Even the best laid lesson plans for class can instantly go awry. Any number of factors can impact a lesson plan: weather, illness, a supra suddenly materializes, or the electricity goes out and the estimated time of its return is a rather vague “sometime tomorrow.” These are just some of the examples of things that have impacted me over the last two years.
At first I didn’t handle these sudden changes to the class well at all. I felt a schedule is a schedule and there should be little to alter it. Now two years later I have learned that planning ahead is good, but there needs to be a lot of flexibility as most of the things cannot be controlled. Now I tend to view these inevitable occurrences in the following way:
Is it a recipe for disaster? Or is it a recipe for innovation and creativity?
How one views it will have corresponding results. However, here are some pointers to alleviate the problems associated with lesson plans that are affected by outside forces.
- Be realistic. While having a year-long lesson plan is great, it probably will change before you can actually use it. I presently teach at a university in Batumi. I had a detailed semester long lesson plan worked out, but I quickly realized that I can only plan lessons one week in advance. Too much beyond my control happens to make planning farther ahead ineffectual.
- Be flexible. Moreover, being flexible with lesson plans allows teachers the ability to better address the needs of the class. For example, if the class easily understands one topic, but not another, time can be allocated accordingly. Remember the lesson plans are to help the students learn, and can’t be what the teachers want to accomplish.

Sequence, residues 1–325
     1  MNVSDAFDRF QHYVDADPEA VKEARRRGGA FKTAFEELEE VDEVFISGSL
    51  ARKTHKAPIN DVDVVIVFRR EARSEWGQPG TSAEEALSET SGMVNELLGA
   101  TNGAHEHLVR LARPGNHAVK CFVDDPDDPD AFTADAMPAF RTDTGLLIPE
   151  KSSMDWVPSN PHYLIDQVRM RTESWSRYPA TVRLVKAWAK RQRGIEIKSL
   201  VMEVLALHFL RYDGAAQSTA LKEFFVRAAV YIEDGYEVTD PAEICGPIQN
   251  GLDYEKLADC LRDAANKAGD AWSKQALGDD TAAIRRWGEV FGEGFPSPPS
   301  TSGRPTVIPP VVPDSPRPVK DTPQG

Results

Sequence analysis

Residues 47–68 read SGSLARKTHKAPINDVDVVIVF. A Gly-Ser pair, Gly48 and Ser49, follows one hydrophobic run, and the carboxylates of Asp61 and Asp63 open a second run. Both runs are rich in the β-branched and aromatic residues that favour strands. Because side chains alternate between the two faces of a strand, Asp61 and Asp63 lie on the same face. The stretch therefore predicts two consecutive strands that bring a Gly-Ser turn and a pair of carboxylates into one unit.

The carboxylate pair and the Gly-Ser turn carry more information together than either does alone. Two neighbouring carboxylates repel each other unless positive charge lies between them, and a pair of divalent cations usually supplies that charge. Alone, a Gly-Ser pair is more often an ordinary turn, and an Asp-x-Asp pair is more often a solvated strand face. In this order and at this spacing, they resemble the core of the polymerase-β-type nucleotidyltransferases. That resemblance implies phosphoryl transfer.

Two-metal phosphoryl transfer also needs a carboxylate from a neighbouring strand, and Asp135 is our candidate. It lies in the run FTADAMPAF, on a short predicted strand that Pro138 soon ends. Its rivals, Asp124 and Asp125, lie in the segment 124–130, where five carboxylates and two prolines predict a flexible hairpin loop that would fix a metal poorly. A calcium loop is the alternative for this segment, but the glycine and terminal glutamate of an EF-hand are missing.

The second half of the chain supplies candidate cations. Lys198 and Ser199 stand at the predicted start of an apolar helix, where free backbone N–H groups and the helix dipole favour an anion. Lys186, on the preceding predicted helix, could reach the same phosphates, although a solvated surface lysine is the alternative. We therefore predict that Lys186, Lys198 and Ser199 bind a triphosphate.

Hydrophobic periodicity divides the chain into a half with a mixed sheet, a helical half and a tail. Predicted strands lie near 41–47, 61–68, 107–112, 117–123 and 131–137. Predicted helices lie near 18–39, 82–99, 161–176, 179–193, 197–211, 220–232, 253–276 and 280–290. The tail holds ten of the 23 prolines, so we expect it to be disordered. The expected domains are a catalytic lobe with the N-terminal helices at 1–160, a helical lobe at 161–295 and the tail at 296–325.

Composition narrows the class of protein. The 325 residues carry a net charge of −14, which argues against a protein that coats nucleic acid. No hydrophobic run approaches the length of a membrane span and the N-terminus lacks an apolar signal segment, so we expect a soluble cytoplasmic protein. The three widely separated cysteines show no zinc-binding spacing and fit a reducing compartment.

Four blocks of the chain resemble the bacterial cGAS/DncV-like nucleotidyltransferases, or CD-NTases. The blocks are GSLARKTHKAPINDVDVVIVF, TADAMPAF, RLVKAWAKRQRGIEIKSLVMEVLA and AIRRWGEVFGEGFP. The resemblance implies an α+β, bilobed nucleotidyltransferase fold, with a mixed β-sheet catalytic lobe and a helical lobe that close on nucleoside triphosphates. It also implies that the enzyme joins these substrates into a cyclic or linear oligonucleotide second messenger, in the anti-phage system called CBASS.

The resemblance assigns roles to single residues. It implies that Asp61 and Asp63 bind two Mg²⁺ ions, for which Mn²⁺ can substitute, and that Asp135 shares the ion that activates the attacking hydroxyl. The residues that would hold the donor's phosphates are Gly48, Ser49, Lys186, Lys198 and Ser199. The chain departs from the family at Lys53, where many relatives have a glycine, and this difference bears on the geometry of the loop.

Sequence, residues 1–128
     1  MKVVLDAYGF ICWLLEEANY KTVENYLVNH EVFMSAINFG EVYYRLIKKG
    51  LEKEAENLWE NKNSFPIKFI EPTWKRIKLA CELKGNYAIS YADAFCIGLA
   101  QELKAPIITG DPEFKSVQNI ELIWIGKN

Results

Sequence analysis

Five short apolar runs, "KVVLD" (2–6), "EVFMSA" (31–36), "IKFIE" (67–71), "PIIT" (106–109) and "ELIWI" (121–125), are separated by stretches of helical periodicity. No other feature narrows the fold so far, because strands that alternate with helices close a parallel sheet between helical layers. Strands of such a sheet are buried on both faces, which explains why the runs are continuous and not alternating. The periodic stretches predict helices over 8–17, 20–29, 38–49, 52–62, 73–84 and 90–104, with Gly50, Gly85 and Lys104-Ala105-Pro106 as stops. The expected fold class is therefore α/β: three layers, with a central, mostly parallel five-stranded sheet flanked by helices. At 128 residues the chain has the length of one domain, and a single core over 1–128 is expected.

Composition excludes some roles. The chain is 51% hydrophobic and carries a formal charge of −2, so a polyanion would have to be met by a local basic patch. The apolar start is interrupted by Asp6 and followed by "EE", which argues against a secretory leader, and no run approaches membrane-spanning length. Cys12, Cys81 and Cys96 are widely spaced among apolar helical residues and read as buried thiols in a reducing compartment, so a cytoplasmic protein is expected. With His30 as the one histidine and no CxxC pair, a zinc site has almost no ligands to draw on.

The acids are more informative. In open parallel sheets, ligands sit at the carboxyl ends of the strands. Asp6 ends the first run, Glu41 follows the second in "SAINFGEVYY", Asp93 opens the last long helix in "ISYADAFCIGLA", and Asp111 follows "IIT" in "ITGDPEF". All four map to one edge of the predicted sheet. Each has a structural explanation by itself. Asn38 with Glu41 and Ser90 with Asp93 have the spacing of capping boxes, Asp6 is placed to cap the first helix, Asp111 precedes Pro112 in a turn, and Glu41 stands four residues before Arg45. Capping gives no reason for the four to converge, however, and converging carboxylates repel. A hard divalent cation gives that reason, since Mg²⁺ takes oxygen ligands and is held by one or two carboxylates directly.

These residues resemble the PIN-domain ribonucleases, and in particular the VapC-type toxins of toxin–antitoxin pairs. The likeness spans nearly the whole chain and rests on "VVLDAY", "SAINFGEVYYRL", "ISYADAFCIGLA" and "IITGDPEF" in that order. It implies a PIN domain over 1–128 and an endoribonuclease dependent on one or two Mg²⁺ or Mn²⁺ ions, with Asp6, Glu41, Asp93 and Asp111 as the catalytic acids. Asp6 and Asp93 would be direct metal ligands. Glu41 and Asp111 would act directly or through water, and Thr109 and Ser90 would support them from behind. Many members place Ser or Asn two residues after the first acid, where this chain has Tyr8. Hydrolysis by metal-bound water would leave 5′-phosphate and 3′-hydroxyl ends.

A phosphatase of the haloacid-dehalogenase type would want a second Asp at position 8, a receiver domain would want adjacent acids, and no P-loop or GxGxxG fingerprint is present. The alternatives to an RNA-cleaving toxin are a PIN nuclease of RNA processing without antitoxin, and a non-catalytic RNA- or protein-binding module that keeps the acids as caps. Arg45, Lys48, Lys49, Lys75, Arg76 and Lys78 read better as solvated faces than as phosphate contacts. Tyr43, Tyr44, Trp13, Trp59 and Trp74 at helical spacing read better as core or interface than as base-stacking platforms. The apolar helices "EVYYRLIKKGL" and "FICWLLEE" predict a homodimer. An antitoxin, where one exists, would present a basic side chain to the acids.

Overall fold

- Have contingency plans. This is especially helpful if the power goes out or not enough of the students show up to class. Class still needs to goes on. How can you make it meaningful? You might want to spend some times preparing a few activities in advance, so that when presented with a situation that warrants their use, you are good to go.
At the university, I try to integrate technology into the class as much as possible, including PowerPoint, YouTube videos to watch and discuss, American movies, etc. Unfortunately, since technology relies on electricity, you will be left high and dry if/when the power goes out! Consequently, I’ve come up with some ways to combat the power outages and the subsequently changed lesson plans. Many of these ideas work well at any level, not just university. I tend to use the bonus time as a time to review vocabulary or grammar principles, but in a fun or unique way where all the students can be involved.
- Charades: Have the students silently act out verbs from the current set of vocabulary words or to review verbs from the previous section.
- Pictionary: Students can draw and guess the nouns they have learned.
- 20 Questions: This works better with older students, and can be used to review a myriad of topics, such as countries or occupations. One student leaves, while the class together decides what the student must guess. Upon the student’s return, he or she must only ask questions that be answered with either “yes” or “no” to determine the answer. A tally is kept, and the student has only 20 questions to determine the answer.
- How would you describe…?: For this activity have the students use as many adjectives as they can to describe something, whether someone’s outfit, a building, a celebrity, an object in the classroom, etc.
While a disruption to a lesson plan can be a problem, view it as an opportunity to be creative and bring something new and unexpected into the class. The diversion from the routine might be just what both you and the students need.